Spring 2021 - SD 281 D100
Sustainable Communities, Sustainable World (3)
Class Number: 7606
Delivery Method: Remote
Introduces the challenges and opportunities for developing sustainable communities and a sustainable world, through the framework of the Sustainable Development Goals (SDGs). Builds an understanding of strengths and weaknesses of conventional approaches to development and of sustainable development. Emphasis on urban areas in the Global North and Global South. Students with credit for SCD 201 or REM 201 or REM 281 may not complete this course for further credit. Breadth-Social Sciences.
Every week students will go on a journey through one of the United Nations’ Sustainable Development Goals (SDGs) and explore exciting solutions from Canada and beyond. Students will virtually meet relevant experts in our weekly “Meet the Expert” episodes who will introduce them to some of the challenges and opportunities for developing sustainable communities and a sustainable world. These experts will share their own journey through the path of sustainable development and provide practical lessons learned, and examples of how their projects helped address one of the SDGs. Whether students are interested in food security, water scarcity, gender equity, climate change mitigation, sustainable cities and planning, marine biodiversity, conservation, and more, they will find that the goal of developing sustainable communities and a sustainable world will require an interdisciplinary and systemic approach. This course will also challenge dominant approaches to development and promote an emphasis on cooperation and partnership. Case studies will highlight examples from the Global North and the Global South. This course will help prepare students to connect the dots and move from the classroom, into real world action.
Course Format: Asynchronous lectures
COURSE-LEVEL EDUCATIONAL GOALS:
At the end of the course, students should be able to:
- Understand the interconnectedness of sustainable development goals.
- Identify a range of strategies and approaches to sustainable development and how these strategies can contribute towards sustainable communities and a sustainable world.
- Apply key frameworks for analyzing sustainability practice.
- Design and apply innovative strategies to promote sustainable development.
- Understand the personal attributes, skills and ethical foundations needed for sustainability practice and planning.
- Perform a critical analysis to hone critical thinking and critical writing
- Assignments 50%
- Participation 20%
- Take home exam 30%
MATERIALS + SUPPLIES:
Access to computer and internet.
Required readings available on-line (Canvas), through library, or will be emailed to students via the course email list. Students are not required to purchase a textbook.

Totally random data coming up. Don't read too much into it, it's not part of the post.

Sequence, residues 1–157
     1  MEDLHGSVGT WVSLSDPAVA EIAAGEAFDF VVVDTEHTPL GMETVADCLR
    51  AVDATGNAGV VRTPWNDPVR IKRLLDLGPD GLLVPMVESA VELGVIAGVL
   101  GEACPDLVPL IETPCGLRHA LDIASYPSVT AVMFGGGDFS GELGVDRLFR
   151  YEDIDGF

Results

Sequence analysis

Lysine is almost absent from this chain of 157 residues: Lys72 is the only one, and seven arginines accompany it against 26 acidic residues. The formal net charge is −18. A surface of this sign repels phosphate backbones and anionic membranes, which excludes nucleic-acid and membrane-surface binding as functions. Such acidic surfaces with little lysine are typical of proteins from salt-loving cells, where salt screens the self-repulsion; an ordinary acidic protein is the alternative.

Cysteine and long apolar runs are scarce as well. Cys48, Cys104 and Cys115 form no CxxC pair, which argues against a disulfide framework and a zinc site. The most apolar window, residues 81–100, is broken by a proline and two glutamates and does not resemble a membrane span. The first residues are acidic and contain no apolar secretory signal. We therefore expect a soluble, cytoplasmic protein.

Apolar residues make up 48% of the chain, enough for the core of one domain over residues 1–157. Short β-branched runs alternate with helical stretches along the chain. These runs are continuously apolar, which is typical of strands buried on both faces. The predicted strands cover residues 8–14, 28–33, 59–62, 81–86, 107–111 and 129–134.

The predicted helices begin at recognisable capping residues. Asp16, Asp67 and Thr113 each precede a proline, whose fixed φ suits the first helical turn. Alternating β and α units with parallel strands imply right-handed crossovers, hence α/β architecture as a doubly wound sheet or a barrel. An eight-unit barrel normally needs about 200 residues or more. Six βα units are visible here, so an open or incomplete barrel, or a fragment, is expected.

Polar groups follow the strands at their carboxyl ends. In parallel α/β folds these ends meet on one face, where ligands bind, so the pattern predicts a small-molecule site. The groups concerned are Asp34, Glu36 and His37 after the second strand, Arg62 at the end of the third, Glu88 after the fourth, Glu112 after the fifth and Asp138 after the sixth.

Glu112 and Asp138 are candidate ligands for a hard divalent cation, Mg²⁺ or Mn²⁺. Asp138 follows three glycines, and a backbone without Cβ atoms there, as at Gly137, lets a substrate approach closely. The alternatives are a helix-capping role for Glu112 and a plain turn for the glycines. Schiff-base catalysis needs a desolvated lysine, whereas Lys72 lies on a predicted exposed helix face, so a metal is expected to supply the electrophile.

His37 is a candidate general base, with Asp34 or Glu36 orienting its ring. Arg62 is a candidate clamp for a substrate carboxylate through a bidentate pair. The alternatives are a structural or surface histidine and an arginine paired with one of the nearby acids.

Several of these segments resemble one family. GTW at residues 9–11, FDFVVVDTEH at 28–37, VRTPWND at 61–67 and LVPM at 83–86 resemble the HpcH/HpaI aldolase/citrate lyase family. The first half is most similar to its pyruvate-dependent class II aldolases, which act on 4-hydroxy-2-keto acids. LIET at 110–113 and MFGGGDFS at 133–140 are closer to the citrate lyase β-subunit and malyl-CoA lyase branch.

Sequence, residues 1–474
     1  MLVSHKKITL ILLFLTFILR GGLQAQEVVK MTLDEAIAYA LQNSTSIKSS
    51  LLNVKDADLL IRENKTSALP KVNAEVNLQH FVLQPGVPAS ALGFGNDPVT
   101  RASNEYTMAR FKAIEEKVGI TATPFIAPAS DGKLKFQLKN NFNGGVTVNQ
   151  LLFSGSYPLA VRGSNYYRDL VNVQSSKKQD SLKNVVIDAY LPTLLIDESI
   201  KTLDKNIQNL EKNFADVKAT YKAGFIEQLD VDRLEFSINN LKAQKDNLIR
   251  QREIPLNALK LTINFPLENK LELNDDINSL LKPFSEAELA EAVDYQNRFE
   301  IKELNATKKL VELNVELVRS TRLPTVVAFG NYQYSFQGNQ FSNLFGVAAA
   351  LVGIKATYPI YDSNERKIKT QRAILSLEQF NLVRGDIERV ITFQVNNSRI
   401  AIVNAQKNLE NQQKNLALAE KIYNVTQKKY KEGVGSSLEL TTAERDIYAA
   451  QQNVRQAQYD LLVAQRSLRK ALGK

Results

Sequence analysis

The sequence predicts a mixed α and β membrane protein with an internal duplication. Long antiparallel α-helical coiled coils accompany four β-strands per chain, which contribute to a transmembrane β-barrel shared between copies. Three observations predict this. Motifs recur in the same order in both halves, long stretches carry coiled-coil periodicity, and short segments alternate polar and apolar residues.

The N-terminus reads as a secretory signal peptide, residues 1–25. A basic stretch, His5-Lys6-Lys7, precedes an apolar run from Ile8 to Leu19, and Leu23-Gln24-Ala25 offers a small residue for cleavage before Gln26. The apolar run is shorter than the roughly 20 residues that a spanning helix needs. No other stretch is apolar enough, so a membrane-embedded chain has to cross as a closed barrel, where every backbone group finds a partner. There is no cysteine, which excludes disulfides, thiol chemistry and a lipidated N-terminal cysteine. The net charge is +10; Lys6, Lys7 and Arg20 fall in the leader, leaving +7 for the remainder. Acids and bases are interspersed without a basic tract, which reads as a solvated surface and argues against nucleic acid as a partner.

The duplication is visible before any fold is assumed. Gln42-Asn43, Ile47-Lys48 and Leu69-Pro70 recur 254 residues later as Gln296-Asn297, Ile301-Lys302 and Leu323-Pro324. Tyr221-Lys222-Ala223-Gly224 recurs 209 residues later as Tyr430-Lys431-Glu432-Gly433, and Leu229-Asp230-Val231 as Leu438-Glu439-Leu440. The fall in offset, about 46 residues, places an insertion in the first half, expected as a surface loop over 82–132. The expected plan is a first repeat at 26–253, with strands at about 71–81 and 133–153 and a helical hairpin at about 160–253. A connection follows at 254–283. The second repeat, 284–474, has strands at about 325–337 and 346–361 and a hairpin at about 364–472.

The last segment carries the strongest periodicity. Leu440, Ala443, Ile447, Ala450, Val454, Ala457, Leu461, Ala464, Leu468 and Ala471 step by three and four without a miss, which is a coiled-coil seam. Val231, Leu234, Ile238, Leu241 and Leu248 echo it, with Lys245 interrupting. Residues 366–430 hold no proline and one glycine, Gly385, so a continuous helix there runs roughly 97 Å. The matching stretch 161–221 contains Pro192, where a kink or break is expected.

ACADEMIC INTEGRITY: YOUR WORK, YOUR SUCCESS
SFU’s Academic Integrity web site http://www.sfu.ca/students/academicintegrity.html is filled with information on what is meant by academic dishonesty, where you can find resources to help with your studies and the consequences of cheating. Check out the site for more information and videos that help explain the issues in plain English.
Each student is responsible for his or her conduct as it affects the University community. Academic dishonesty, in whatever form, is ultimately destructive of the values of the University. Furthermore, it is unfair and discouraging to the majority of students who pursue their studies honestly. Scholarly integrity is required of all members of the University. http://www.sfu.ca/policies/gazette/student/s10-01.html
TEACHING AT SFU IN SPRING 2021
Teaching at SFU in spring 2021 will be conducted primarily through remote methods. There will be in-person course components in a few exceptional cases where this is fundamental to the educational goals of the course. Such course components will be clearly identified at registration, as will course components that will be “live” (synchronous) vs. at your own pace (asynchronous). Enrollment acknowledges that remote study may entail different modes of learning, interaction with your instructor, and ways of getting feedback on your work than may be the case for in-person classes. To ensure you can access all course materials, we recommend you have access to a computer with a microphone and camera, and the internet. In some cases your instructor may use Zoom or other means requiring a camera and microphone to invigilate exams. If proctoring software will be used, this will be confirmed in the first week of class.Students with hidden or visible disabilities who believe they may need class or exam accommodations, including in the current context of remote learning, are encouraged to register with the SFU Centre for Accessible Learning (firstname.lastname@example.org or 778-782-3112).